Whether you plan to start with a company or venture into your own business, here is a brief overview of what a web developer is and how you might become one:

What Does a Web Developer Do?

It is first to understand the two basic types of web developers. These two groups include:

  • Client Developer- this type of web developer assists clients by writing code that is translated by the Internet browsers. This type of code includes HTML, JavaScript, and CSS. Some developers may also need to know XML.
  • Server Developers – this type of web developer will write code that needs to be translated by the server. Within this group there are several other types of developers including ASP.NET developers, PHP developers, Java EE developers, and ColdFusion developers.

What Should Developers Learn?

If you are just starting out on the road to a web developer career, it is best to start at the beginning. Learning HTML will teach you the basics of designing web page basics like titles, paragraphs, headings, and lists. Typically it can take a few weeks to grasp the concepts in HTML that will allow you to move on to the more complex information. Learning HTML will also allow you to begin working on web site design while you learn other tools of the trade.

The next step in learning will involve CSS and JavaScript. CSS is the language used to control what is displayed and how information is formatted on a web page. JavaScript is the scripting language that is used to make individual pages of a website more interactive such as in drop down menus. CSS is generally simple to learn and the details will take a few weeks to grasp. JavaScript has been found to start off easy to learn but become more complicated as a person moves along. It can take a few weeks to learn enough JavaScript to start producing but it will take time and experience to continue learning.

If you are interested in developing for the server side of the equation, there are several things you should consider learning. Most people find that PHP and ColdFusion are easiest to learn but both concepts are not as common as other areas of web development. However, depending on your interests you may find the competition in different areas to be work developing your skills in these areas.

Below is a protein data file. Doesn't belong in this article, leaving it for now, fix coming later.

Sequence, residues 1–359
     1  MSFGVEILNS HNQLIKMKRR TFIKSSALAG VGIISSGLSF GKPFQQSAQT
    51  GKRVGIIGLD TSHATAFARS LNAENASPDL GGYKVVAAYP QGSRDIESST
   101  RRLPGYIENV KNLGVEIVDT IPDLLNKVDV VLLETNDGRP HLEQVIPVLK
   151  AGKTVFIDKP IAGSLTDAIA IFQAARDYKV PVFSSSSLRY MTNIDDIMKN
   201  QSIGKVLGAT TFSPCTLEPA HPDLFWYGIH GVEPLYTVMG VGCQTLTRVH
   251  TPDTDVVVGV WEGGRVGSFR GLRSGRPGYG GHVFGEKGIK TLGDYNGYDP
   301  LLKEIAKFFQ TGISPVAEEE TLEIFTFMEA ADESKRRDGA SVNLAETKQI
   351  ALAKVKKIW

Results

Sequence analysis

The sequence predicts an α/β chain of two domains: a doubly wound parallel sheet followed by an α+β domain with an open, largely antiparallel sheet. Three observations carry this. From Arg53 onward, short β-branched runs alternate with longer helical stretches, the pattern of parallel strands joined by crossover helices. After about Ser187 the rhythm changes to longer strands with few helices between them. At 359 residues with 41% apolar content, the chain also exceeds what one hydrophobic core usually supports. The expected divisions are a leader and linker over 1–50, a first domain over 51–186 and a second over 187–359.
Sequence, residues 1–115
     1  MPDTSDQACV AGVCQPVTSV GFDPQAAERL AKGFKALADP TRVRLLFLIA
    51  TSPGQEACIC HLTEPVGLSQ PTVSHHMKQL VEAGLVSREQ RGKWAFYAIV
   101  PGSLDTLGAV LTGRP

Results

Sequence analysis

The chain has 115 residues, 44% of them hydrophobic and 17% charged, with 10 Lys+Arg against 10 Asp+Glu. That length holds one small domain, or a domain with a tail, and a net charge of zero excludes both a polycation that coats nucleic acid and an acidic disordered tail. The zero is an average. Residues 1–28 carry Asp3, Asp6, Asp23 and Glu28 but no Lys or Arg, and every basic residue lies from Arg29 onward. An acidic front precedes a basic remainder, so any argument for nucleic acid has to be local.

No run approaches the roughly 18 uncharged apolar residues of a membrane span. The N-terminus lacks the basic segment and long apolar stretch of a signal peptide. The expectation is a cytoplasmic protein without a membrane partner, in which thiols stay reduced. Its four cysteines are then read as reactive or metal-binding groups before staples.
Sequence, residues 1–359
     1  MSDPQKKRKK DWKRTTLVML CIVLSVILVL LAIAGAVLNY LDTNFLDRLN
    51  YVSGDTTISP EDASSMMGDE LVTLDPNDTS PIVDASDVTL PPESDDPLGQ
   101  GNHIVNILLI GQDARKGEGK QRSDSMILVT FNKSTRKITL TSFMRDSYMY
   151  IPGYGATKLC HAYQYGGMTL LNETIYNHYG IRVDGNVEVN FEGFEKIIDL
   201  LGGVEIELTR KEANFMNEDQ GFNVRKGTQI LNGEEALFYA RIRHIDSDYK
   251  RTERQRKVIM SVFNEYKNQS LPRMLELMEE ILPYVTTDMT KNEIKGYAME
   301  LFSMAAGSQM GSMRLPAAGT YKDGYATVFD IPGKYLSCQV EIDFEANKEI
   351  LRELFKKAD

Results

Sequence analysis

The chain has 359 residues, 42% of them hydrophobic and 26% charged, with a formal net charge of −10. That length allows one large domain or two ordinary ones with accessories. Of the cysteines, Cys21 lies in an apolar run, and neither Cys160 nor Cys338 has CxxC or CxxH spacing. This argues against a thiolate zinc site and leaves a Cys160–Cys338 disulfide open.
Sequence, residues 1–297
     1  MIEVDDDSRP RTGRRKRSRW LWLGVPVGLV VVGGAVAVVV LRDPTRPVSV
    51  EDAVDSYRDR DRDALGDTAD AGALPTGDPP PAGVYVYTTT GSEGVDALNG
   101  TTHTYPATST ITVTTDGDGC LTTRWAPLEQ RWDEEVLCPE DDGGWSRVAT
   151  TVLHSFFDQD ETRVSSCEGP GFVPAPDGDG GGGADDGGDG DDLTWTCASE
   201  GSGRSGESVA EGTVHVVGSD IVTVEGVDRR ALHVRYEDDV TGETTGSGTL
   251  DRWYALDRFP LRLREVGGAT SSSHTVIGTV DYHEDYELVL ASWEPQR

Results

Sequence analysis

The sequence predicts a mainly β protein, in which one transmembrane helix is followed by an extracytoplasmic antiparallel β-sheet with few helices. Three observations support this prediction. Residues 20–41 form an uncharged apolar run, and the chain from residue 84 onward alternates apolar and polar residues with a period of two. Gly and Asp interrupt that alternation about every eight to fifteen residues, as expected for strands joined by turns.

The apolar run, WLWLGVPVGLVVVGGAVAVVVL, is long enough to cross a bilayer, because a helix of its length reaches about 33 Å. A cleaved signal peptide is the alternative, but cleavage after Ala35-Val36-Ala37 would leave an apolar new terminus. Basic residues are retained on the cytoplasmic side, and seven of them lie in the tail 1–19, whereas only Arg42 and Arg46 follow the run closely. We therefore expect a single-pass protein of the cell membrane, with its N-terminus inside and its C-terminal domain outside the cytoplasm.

The harder programming like ASP.NET and Java EE require the learner to understand complex programming languages. These jobs are certainly higher paying than other areas of web development but there is also a lot of competition for work.

Where to Learn Web Development

There are a multitude of ways to learn web development theories and skills but it depends on your needs to find the ones that will suit you. If you are already technically savvy and are able to be self-taught, there are many books, online video tutorials, and blogs that teach the basics of web development. People who choose this route will need to already have technology skills and be able to learn on their own.

Others would do well in college courses or technical school training where a formal education on the fundamentals of web development as well as other aspects of computer science will be learned in order to earn a degree.

Whatever path you take, web development can be an exciting career that will grow rapidly as technology changes. There will likely always be something new to learn and multiple avenues to pursue for finding work.